Monday, March 19, 2007

The HIV trial in Libya, part 4: How the infection must have occurred

This is continued from part 3 - the previous post ( Here, I'll try to keep my writing as short as possible and to use instead citations from people who know better. Two important terms, used below, are iatrogenic - caused by medical procedures, and nosocomial - acquired in a hospital; both terms refer to health damage, usually an infection.
Let's begin from the beginning: decades earlier and thousands of miles away from the Libyan "crime scene", a virus found a new host. The following citation is from
"Origin of HIV-1 Discovered
...Scientists at the University of Alabama at Birmingham (UAB) have discovered the origin of Human Immunodeficiency Virus Type 1 (HIV-1)...The researchers identified a subspecies of chimpanzee (Pan troglodytes troglodytes) native to West-Central Africa as the natural reservoir for HIV-1...The final piece of the puzzle was put in place when the researchers realized that the natural habitat for Pan troglodytes troglodytes overlaps precisely with the region in West-Central Africa where all three groups of HIV-1(M, N, and O) were first recognized. Based on these findings, Hahn and her colleagues concluded that Pan troglodytes troglodytes is the origin of HIV-1 and has been the source of at least three independent cross-species transmission events...While the origin of the AIDS epidemic has been clarified, an explanation for why the epidemic arose in the mid-20th century, and not before, remains a matter of speculation."Chimpanzees are frequently hunted for food, especially in West-Central Africa, and we believe that HIV-1 was introduced into the human population through exposure to blood during hunting and field dressing of these animals," says Hahn. She further believes that while incidental transmissions of chimpanzee viruses to humans may have occurred throughout history, it was the socio-economic changes in post-World War II Africa that provided the particular circumstances leading to the spread of HIV-1 and the development of the AIDS epidemic. "Increasing urbanization, breakdown of traditional lifestyles, population movements, civil unrest, and sexual promiscuity are all known to increase the rates of sexually transmitted diseases and thus likely triggered the AIDS pandemic," adds Hahn."
Dr. Hahn omitted one very important factor for spreading HIV: the health care system, which was practically not present in Africa until the 20th century. You think I am stretching my thesis too much? First, please read the following translation from the book "Sanu, bature" by Bulgarian zoologist Peter Beron. He describes his experience in Nigeria in 1976:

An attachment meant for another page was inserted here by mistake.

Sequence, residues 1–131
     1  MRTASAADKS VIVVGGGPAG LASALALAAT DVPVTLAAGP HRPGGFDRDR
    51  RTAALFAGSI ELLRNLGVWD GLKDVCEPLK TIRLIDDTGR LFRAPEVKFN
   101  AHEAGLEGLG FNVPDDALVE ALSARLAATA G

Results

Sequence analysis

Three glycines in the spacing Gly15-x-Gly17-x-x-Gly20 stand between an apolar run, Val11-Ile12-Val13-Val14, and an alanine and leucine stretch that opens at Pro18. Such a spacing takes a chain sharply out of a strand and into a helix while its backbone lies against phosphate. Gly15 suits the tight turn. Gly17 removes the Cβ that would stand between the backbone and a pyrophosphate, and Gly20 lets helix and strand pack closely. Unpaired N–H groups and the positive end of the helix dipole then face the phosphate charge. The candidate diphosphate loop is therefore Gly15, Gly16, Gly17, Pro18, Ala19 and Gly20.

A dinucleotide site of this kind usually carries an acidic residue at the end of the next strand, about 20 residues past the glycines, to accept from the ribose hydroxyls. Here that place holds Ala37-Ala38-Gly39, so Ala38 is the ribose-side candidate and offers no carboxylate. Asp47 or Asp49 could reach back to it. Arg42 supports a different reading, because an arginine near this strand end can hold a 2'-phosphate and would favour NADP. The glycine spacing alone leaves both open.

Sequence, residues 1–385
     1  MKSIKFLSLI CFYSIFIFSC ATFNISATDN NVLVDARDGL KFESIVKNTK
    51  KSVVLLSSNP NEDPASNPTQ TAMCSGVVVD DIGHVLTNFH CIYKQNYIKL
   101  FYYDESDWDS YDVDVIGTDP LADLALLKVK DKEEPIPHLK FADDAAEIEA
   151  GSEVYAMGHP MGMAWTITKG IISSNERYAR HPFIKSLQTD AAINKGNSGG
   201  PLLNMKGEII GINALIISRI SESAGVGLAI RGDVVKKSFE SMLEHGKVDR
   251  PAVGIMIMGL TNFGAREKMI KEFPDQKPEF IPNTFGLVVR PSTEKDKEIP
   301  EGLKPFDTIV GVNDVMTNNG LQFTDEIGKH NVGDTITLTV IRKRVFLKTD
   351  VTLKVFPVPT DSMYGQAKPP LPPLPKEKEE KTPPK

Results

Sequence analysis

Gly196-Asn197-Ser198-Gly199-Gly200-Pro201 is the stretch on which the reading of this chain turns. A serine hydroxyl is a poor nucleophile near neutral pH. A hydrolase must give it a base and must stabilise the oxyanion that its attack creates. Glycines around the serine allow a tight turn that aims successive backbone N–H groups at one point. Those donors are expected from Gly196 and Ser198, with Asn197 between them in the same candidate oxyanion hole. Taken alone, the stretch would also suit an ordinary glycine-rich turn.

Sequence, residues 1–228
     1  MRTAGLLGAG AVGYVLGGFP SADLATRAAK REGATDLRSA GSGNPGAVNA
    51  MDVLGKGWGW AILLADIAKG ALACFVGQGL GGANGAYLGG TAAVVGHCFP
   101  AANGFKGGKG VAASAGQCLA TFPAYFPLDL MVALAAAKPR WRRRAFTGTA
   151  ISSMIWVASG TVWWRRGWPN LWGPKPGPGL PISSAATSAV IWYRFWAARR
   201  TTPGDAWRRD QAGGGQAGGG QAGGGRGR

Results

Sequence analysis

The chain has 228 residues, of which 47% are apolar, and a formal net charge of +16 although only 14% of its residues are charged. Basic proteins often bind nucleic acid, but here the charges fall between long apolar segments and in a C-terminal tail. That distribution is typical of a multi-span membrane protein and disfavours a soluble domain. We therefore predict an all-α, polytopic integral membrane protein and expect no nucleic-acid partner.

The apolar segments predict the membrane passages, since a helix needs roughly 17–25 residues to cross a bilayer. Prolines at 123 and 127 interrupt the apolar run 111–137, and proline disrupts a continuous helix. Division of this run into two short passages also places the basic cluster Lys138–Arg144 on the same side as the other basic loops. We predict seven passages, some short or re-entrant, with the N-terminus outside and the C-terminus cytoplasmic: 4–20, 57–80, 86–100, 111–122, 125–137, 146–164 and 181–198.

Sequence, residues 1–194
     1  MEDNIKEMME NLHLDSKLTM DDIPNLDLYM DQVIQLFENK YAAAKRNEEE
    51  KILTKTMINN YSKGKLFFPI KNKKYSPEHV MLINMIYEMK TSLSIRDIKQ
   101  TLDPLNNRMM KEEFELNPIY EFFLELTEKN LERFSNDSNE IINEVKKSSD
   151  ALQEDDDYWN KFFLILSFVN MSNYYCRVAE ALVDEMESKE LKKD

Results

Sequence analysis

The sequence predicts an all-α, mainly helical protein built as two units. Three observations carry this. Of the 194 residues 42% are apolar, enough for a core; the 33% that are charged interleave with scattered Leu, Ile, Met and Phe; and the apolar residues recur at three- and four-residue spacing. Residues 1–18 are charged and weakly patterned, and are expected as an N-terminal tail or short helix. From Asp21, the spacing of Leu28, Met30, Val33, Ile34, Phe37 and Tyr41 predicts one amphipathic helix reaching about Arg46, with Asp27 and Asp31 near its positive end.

"Before returning to Bulgaria, we had to be immunized against cholera. There was a special immunization center in the town. However, before we went there, Dr. Malyavko (a Russian physician - M.M.) gave me three sealed disposable syringes and told me to insist that the local doctor uses them. I was hesitating - the doctor could be offended by such lack of trust. I went to the center with Kinka and Vladko (the author's wife and son, respectively - M.M.). In the street, there was an endless line. The doctor was sitting in front of the door and immunizing everybody with one and the same needle. These were prospective hajjis. They were preparing to travel to Mecca and the local Asclepius evidently thought that Allah wouldn't let any hepatitis creep into such pious Muslims. At that time, nobody knew about AIDS. Seeing us, the Asclepius called us and offered to immunize us immediately. I told him I had had polyo before and for that reason had to use a separate syringe. Vladko had been in contact with a person with hepatitis etc. The doctor showed full understanding. He unsealed the first syringe, injected Vladko, then injected Kinka with the second syringe and me with the third one. Then he, with my needle, continued injecting the long line of the candidate hajjis."
The case of the infected more than 400 Libyan children would be tragic even if it were exceptional, but unfortunately it isn't. We shall never know the exact number of AIDS victims throughout Africa and elsewhere whom medicine, instead of helping, failed, betrayed and doomed. The following citation (as well as others which I'll indicate by their PubMed identification numbers) is obtained from PubMed, a database of biomedical literature. PubMed abstracts and some full text articles can be accessed at